On other occasions, young people who have gone through the hospital system have been given all the tests available, only to be told there was nothing wrong with them. Subsequently, they were given a diagnosis of an eating disorder and transferred to a clinic. The parents followed the doctor's instruction in fear of reprisals and the patient was able to book out a few days later.
These stories are common to the manner in which many young people have been treated within the health care system. There is a very low percentage of doctors who choose to recognise CFS, consequently, there is a high percentage of misdiagnosis.
When your body is screaming out for medical attention and understanding, it is devastating not to be believed, but instead to be branded with such things as depression, school-phobia, malingerer and generally being told you need a good kick in the rear to snap you out of it.
This treatment of the patient and family inevitably leaves the family to fend for themselves and in so many cases, the disease escalates into a more severe form. It is these cases in which a misdiagnosis becomes almost standard practice and places the patient and their family in a very serious predicament.
Dr Mark Lovelay, an Infectious Disease Specialist, who manages an AIDS and CFS clinic at OHSU stated that a CFIDS patient feels everyday significantly the same as an AIDS patient feels two months before death. Regardless of this considered public and professional statement, here in Australia, these same patients are dismissed so often as hypochondriacs and branded with diagnoses as Munchausens Syndrome By Proxy and the Persuasive Refusal Syndrome.
These types of diagnoses leave a patient with two choices: a) either to try surviving day by day under the burden of a very depleted quality of life, or b) to take over life and end the misery. Australia has the highest youth suicide rate in the world, and it's higher in the rural areas. My point is, Doctors and Specialists and other professionals can help stop CFS sufferers becoming a statistic by supporting and protecting them and being sympathetic to their needs.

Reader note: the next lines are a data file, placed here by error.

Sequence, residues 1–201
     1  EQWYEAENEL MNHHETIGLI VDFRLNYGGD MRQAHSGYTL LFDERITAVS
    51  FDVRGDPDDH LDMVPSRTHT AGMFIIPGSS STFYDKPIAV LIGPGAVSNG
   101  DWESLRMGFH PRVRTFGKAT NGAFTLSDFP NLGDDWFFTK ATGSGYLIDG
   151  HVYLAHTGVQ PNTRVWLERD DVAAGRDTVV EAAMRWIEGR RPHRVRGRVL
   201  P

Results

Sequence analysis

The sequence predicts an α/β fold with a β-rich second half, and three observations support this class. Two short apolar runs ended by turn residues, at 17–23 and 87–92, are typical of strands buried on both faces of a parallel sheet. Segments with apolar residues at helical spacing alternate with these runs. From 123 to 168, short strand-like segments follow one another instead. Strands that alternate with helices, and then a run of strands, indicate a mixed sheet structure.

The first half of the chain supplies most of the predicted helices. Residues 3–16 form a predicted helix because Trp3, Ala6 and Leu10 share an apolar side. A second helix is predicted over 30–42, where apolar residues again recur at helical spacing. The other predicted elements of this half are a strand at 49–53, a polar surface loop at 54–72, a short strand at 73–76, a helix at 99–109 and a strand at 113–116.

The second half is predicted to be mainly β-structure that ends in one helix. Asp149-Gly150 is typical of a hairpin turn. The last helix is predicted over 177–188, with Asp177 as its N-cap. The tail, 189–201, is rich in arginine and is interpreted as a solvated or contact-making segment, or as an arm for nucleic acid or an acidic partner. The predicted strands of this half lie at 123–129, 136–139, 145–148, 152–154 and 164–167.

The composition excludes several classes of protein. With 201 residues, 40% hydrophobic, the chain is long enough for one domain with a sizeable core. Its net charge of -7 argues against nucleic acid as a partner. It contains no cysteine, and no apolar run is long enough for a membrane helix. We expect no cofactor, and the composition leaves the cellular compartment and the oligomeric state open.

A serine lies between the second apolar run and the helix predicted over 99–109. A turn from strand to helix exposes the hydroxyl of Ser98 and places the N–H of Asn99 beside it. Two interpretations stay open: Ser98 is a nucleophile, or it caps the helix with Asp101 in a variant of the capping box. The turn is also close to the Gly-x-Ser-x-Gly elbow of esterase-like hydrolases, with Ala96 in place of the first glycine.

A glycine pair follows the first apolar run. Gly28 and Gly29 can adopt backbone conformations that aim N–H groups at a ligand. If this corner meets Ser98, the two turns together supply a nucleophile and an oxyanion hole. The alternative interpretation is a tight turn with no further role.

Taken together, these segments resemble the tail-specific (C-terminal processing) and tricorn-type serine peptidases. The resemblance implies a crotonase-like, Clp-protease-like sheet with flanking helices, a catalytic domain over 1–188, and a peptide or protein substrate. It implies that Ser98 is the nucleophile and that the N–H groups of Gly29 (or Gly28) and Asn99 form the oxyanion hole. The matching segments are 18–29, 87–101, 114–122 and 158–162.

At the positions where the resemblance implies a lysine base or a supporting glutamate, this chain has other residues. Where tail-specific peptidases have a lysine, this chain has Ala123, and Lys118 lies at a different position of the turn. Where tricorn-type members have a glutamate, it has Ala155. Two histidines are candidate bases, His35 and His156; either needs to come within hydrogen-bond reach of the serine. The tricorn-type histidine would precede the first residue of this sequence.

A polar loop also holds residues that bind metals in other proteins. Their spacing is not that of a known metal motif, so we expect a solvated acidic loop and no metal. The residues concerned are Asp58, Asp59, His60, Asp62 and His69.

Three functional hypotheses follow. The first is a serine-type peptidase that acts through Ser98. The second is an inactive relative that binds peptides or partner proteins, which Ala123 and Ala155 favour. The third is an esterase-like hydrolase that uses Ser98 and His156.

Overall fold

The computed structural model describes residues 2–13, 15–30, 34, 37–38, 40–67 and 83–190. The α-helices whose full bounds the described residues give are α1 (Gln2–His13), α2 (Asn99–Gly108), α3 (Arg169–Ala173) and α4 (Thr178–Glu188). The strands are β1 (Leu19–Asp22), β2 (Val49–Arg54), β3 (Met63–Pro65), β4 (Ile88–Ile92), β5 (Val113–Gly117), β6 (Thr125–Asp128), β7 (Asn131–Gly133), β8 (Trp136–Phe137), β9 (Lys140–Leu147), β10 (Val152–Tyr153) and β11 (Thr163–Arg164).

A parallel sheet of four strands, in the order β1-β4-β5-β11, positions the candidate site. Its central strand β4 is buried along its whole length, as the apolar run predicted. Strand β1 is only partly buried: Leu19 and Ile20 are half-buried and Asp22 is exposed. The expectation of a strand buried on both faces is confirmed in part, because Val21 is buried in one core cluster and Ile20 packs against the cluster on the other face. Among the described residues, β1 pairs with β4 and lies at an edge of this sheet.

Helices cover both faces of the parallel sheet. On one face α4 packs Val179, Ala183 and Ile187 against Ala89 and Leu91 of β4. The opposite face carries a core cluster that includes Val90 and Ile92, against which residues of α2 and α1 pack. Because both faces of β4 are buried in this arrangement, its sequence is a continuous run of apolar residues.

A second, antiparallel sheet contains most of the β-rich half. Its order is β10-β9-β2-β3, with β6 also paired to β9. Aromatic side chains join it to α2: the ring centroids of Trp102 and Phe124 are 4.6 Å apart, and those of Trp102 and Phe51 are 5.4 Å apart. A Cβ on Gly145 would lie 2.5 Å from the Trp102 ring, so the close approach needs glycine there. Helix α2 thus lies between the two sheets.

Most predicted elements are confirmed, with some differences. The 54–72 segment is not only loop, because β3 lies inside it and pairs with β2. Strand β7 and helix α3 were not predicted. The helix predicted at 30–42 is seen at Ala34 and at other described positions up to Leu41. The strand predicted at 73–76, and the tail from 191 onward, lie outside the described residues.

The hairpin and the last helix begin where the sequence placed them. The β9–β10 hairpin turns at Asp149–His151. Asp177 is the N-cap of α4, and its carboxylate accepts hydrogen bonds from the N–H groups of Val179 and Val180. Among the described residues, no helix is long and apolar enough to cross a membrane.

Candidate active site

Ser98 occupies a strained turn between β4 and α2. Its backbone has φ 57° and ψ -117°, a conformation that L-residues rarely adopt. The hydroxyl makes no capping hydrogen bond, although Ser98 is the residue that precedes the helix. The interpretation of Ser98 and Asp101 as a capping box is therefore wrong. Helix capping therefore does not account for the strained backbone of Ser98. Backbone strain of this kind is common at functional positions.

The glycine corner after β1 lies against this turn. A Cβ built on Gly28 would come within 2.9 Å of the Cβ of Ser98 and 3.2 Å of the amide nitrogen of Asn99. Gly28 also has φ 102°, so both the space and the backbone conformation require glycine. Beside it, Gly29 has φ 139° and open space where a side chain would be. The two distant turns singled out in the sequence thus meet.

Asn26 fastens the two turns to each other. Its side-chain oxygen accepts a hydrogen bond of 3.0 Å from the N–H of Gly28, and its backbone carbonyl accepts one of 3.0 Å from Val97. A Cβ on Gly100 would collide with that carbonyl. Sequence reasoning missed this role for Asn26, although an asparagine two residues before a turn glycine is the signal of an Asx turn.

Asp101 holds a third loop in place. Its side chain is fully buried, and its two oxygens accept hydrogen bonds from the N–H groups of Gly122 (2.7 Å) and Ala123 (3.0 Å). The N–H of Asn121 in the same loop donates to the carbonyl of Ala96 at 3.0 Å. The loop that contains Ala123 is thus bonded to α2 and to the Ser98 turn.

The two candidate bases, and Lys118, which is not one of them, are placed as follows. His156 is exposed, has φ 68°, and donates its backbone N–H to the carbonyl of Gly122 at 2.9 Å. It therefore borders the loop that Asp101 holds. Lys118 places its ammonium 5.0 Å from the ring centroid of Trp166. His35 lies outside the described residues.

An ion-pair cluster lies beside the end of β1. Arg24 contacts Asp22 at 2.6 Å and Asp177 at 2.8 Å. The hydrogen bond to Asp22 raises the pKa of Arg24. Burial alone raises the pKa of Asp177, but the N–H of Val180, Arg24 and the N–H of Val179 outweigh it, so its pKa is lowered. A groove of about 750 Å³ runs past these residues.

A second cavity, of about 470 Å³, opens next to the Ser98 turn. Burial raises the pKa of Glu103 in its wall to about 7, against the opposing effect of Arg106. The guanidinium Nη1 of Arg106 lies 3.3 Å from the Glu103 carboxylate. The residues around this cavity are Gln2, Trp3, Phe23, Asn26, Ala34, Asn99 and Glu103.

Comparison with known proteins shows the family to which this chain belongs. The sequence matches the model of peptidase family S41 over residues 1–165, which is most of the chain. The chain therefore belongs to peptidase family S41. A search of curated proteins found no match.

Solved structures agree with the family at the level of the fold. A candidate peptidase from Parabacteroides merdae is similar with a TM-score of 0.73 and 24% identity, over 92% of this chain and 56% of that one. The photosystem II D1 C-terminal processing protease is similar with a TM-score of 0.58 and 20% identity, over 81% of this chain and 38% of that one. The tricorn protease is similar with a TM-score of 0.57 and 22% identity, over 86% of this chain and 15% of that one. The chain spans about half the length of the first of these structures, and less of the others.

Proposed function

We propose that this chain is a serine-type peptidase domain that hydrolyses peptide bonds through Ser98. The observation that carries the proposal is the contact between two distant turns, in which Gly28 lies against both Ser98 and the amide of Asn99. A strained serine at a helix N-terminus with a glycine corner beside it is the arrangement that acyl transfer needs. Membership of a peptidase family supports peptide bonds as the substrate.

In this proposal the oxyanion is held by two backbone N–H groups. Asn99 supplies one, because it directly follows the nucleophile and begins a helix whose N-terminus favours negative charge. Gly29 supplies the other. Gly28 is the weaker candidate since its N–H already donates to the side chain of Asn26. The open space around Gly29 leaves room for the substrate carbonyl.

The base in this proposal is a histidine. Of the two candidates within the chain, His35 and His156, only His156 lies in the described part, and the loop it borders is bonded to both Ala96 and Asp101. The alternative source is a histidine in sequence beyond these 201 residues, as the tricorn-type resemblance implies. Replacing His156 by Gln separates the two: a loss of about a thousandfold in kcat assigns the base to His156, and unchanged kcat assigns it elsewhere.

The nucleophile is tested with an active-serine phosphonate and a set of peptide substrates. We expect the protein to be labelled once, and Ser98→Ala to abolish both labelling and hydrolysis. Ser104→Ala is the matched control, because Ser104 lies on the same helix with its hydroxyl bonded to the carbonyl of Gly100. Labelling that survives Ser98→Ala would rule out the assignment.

Professor Malcolm Fisher has stated that there are time lags between occurrence recognition, finding a label, acceptance and scientifically proven treatment. "At times like this, my profession rarely covers itself in glory. There is tragedy associated with the delay between a "NEW" disease arising and professional acceptance, and CFS wears the delay in relative silence." Unfortunately, in Australia, we have witnessed certain professions covering themselves in glory in regards to CFS. Nevertheless, there continues to be an ever increasing escalation and severity in the disease and in the number of sufferers due to a lack of treatment, understanding and correct diagnosis.
I have been asked to speak to you to day to present the severity of CFS as a sufferer, or should I say as a consumer - because it surely has consumed me. It is reassuring to know, having heard the speakers of the last two days, that finally, doctors will be able to recognise and accept this disease for what it really is. Hopefully, the "relative silence" described by Professor Malcolm Fisher, is over and the tragedies associated with it will come to an end.
It has taken me 7 years to get to where I am today and there is a long way to go before I return to full health, before I can play that football game, ride that stock horse, run that property, before I can return to a normal social life.
I have learnt the hardest lesson of all from this disease - There is nothing it can't take away from you...